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Beach Access Controversy | Who Owns the Beach?

And nowhere are these issues playing out with more intensity than in the seaside community of Goose Rocks Beach in Kennebunkport, Maine.


Goose Rocks Beach stretches out before me. It’s a mid-July afternoon–blue sky overhead, temperatures well above 80–and I’m standing on the western edge of the shore. Nearby, the Batson River, a run of water that swirls through the neighboring Rachel Carson National Wildlife Refuge, churns softly as it marches toward the sea. On one riverbank three college-age guys shed their shirts and kick off their sandals. They’ve brought a football, and after a few moments’ hesitation, all three wade into the water. The men spread out, throwing long, lazy passes to each other under the intense sun. Finally, one of them plunges under, emerging a few seconds later with a wide grin.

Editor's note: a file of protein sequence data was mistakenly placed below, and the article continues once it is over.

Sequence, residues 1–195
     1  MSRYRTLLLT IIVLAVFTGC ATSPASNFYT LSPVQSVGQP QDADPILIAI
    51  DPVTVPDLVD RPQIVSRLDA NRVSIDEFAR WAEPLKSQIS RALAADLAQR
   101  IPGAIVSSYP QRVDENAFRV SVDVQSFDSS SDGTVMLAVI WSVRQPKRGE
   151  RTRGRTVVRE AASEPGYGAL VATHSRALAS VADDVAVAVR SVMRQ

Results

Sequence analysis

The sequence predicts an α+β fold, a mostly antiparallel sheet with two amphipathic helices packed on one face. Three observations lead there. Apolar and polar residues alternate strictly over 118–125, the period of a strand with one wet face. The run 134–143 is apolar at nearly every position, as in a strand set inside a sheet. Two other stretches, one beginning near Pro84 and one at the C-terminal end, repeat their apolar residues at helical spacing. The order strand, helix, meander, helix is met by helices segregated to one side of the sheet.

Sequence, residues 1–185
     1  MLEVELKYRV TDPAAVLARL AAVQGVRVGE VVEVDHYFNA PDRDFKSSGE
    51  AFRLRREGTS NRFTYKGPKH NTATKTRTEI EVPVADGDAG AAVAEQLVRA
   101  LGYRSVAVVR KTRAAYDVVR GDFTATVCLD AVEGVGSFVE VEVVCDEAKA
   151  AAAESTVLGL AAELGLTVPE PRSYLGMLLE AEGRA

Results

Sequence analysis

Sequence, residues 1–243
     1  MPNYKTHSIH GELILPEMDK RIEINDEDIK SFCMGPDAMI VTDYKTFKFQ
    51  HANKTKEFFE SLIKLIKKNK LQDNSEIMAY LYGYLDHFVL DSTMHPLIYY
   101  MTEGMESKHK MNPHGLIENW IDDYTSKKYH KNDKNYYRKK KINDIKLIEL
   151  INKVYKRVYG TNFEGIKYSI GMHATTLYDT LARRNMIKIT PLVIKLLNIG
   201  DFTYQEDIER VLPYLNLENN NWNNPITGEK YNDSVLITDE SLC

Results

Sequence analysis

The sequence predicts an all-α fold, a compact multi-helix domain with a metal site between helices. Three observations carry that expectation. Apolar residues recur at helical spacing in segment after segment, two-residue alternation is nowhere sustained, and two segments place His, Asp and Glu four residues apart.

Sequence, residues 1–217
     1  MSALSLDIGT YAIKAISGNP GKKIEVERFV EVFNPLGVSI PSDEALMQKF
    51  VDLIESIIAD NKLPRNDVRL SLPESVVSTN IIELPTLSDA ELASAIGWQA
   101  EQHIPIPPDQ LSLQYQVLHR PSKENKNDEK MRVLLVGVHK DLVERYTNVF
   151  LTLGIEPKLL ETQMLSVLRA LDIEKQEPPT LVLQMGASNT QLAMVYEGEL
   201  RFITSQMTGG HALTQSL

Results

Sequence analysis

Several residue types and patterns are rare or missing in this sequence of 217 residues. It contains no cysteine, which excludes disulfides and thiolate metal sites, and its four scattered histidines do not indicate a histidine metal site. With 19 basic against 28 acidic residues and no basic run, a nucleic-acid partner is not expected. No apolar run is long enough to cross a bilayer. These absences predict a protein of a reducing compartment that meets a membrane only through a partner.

“Dude!” he announces to his buddies, “This is fresh!”

Others have maybe expressed it a little differently, but that kind of sentiment has driven generations of visitors to Goose Rocks ever since the area emerged in the late 1800s as a tourist destination. Its charm stems in part from its remoteness. Tucked quietly off Route 9, six miles north of the tourist pop that clogs the center of Kennebunkport, this tight community of some 300 homes has long enjoyed a certain independence from the rest of the town. There’s a fire station within its borders, a bustling community center, too, and Goose Rocks locals speak about the area as a separate, singular Maine community, attached yet apart.